Where the class of objects is uncertain, it isnt conceptual uncertainty; there is merely
evidential uncertainty (RE BADENS DEED TRUST [NO. 2]).
SACHS LJ: where conceptual certainty is found, a trust can fail for evidential uncertainty
as the burden of proof is on the beneficiary to prove that he fall within the class of
beneficiary. If he fails to prove that he is within the class, then he is outside the class.
PENNER holds that although SACHS would not allow evidential uncertainty to defeat the
trust, he does rely upon the existence of evidence to define the boundaries of the class.
MEGAW LJ: If it could be said with certainty that a substantial number of beneficiaries
fell within the class, the class was certain. This approach has the effect of creating a
class within the class. It has the effect of cutting down the class of beneficiaries,
contrary to the settlors intention.
STAMP LJ: He approached the IS OR IS NOT TEST literally i.e. conceptual and evidential
certainty of the class was required, for otherwise it would be impossible to say whether
the individual was a member of a class or not. This is nearly the exactly the same as
COMPLETE LIST TEST.
A trust that the settlor intended for the entire class and if the trustee failed to make a
selection, then equal division is still appropriate on the basis of COMPLETE LIST TEST
(BOROUGH V PHILCOX).

Power of Appointment
A mere power of appointment is where the settler gives the donee of the power a
discretion in relation to whether or not to make distribution.
The test for determining certainty of subject matter here is the IS OR IS NOT TEST; their
objects are certain if it is possible to say of any given person that he is, or is not, an
object of the mere power (RE GESTETNER SETTLEMENT).

Gift subject to a condition Precedent


When a gift is subject to a condition precedent, the test to be applied is the ONE
INDIVIDUAL TEST a gift is valid if it is possible to say that one or more persons qualify,
even though there may be difficulty as to others (RE ALLEN).

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One must show compliance with the stipulated condition, rather than certainty of object
so as to show that he fits the criteria to take the gift (RE BARLOWS WILLS TRUST).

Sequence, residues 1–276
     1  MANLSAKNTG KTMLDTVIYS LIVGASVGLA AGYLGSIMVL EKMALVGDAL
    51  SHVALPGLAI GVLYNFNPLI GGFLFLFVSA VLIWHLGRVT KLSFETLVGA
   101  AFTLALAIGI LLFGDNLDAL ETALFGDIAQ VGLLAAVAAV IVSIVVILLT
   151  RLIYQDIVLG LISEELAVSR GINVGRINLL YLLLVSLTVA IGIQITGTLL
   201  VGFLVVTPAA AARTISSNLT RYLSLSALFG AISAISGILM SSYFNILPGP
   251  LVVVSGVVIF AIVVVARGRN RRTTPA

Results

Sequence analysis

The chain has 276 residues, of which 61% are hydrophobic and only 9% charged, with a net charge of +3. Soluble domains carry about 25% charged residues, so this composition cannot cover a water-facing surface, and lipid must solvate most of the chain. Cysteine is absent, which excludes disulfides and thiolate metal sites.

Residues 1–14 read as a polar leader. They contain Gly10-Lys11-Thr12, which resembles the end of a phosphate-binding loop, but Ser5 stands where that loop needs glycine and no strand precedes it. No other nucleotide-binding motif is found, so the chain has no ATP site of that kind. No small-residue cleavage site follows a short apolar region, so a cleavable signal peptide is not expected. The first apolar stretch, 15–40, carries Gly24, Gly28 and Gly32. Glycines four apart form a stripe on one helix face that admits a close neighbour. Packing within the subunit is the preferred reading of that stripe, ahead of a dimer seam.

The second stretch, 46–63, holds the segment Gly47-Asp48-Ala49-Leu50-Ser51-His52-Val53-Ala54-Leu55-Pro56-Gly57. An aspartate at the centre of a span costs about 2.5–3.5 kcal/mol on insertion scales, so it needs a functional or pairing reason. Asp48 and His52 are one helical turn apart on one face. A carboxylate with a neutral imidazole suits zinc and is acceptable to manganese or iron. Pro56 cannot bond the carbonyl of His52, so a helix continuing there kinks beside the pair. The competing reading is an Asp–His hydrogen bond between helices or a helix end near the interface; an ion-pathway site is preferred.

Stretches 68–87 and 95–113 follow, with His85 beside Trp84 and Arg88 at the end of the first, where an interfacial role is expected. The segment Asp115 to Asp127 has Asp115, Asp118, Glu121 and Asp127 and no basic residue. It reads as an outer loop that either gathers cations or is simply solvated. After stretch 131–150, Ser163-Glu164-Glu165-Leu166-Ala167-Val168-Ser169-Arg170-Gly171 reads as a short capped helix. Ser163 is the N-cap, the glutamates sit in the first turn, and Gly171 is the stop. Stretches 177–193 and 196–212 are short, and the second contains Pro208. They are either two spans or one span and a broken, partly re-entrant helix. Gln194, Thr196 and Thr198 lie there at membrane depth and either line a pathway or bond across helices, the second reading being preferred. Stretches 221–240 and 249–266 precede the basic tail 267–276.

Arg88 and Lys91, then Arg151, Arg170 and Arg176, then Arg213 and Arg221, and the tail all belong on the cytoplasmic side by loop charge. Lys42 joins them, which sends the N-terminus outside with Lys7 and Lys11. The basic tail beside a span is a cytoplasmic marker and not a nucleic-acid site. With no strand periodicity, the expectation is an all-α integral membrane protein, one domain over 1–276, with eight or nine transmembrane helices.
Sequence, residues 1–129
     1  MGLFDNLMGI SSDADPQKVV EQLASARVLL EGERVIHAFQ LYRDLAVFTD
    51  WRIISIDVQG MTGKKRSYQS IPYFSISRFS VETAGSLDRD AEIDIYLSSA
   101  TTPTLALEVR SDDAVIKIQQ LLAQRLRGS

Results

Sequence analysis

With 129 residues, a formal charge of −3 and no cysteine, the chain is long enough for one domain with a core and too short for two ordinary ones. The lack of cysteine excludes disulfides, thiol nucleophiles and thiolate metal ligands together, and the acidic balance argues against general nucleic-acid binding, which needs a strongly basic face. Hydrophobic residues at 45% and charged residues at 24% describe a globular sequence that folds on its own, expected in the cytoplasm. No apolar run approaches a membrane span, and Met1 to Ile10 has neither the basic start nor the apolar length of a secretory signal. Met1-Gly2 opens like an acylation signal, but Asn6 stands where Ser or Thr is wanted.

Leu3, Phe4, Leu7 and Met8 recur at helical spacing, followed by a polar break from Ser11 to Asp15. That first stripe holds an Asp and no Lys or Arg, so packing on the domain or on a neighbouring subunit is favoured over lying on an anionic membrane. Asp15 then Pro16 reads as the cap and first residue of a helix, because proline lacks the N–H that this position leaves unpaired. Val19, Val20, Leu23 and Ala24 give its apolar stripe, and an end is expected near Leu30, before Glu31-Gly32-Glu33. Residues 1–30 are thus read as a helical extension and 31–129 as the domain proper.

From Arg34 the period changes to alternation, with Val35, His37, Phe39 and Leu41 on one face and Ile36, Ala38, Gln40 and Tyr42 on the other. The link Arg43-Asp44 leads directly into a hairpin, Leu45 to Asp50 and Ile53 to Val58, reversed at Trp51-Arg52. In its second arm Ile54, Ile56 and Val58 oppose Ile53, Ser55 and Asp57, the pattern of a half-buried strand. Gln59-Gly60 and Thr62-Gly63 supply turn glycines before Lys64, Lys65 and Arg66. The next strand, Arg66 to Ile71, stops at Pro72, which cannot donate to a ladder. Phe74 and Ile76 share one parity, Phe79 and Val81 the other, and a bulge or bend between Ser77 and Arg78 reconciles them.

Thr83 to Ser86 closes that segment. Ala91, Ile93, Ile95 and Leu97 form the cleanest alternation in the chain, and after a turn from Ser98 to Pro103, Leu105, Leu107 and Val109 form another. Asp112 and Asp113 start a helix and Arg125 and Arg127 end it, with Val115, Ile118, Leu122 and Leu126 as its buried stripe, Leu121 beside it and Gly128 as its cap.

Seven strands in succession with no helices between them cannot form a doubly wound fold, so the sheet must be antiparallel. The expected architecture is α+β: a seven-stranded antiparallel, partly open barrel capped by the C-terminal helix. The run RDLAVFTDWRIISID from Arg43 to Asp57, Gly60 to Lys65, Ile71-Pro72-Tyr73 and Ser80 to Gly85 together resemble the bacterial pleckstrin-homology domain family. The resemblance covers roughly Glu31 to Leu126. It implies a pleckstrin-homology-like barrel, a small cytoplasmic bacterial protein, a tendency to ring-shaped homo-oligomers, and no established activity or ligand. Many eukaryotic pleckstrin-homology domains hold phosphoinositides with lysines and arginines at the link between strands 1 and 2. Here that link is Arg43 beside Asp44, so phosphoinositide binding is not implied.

Cure for Uncertainty


Conceptual uncertainty may be cured by a provision that the opinion of a third party is
to settle the matter. However, the testator must define the term to a third party.
A testator could validly make the trustees opinion the criteria provided he had
sufficiently defined the state of affairs (RE COXEN) (RE JONES).
However, only conceptual uncertainty can be used to determine the validity of an
opinion. Thus, only discretionary trusts and not fixed trusts can be cured as a result. If
the terms of a fixed trust just depict conceptual uncertainty it can be cured by the
opinion of a third party. But where both conceptual and evidential uncertainty are
present, fixed trust will fail.
The test for a fiduciary power is the IS OR IS NOT TEST, while the test for a bare power is
the ONE INDIVIDUAL TEST: even if one person is able to satisfy the criteria the class will be
held to be certain and the bare power will be valid.

Consequences of Uncertainty of object:

SELF-DECLARATION: the right holder remain entitled


TRANSFER: a resulting trust arises in favour of the settlor

Administrative Workability and Capriciousness


Administrative Unworkability
Where the settlor expresses the class of objects so broadly that it becomes difficult for
the court to ascertain any sensible exercise of the discretion, the court may fail a
discretionary trust Lord Wilberforce (MCPHAIL V DOULTON).
However, Lloyd LJ suggested that if there is a core class of objects within the larger
class, whom the trustees may hold as ascertainable objects of a trust the trust will not
be administratively unworkable (R V DISTRICT AUDITORS).
The concept of workability does not apply to a power or a gift.

Capriciousness
It is concerned with sensibility of the trust i.e. it applies to fixed and discretionary trusts.
If the courts feel that the trust has negated any sensible intention on part of the settlor
such a trust would not be valid (RE MANISTYS) (RE HAYS ST).